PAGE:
The Oregon House has passed a bill intended to help police officers deal with people whose conduct may be caused by mental or medical problems.
Rep. Andy Olson, R-Albany, had pushed for the bill since 2007 and is one of its principal sponsors. The bill now goes to the Senate, where it’s uncertain if action can occur before the legislative session ends.
House Bill 3466 would create a voluntary statewide database of people with mental health and medical issues. It would give officers information helpful when they’re responding to some calls.
For example, Olson said Wednesday, police might respond to a call that a man had eaten a restaurant meal but had no money to pay. Technically, he could be arrested for theft. But if the officer learns he’s on a database for mental illness or dementia, police could just call relatives to come pick him up and take care of the bill.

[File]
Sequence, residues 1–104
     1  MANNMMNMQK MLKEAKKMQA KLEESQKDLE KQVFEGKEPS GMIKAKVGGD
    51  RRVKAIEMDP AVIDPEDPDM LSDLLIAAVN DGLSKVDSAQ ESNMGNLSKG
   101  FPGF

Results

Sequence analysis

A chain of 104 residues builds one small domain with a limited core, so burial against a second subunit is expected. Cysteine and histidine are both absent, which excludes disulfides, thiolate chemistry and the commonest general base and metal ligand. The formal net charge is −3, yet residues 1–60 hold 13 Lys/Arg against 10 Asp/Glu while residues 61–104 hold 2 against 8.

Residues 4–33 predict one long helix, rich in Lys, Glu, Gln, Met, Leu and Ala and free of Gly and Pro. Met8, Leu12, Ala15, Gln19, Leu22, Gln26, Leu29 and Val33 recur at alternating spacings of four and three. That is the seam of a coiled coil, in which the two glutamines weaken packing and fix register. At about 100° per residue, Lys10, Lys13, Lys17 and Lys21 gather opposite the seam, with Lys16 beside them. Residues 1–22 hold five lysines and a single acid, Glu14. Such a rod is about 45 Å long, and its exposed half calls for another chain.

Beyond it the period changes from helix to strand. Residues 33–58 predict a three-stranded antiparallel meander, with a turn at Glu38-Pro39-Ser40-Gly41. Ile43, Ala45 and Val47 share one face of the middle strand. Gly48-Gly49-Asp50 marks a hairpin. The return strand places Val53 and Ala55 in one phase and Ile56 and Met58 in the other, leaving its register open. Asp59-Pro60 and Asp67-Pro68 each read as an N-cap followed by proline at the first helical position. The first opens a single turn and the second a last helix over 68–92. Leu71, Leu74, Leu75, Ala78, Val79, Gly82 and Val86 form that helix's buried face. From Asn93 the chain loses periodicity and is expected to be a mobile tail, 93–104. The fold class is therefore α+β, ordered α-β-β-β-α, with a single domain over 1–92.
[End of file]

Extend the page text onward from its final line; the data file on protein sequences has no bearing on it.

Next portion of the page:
Capt. Eric Carter of the Albany police said knowing of a person’s mental-health issues is useful to officers responding to a call. “It does change the way law enforcement officers deal with them,” he said.
With known chronic cases, he said, the Albany police have had some success by calling in mental health workers rather than taking people to jail.
In a statement, Olson recalled that three years ago Marion County Sheriff Raul Ramirez told the Interim Judiciary Committee that county jails were the largest facility in the state for holding people suffering from mental health issues.
“HB 3466 addresses this problem by giving law enforcement the ability to help individuals without automatically incarcerating them,” Olson said,
The database would be maintained by the Oregon State Police as part of the Law Enforcement Data System.
EXTRA – all about HB 3466 from the fantastic bill-tracking database from The Oregonian.
OUR COMMENT – This bill is a violation of the fourth, fifth, ninth and fourteenth amendment of the US constitution.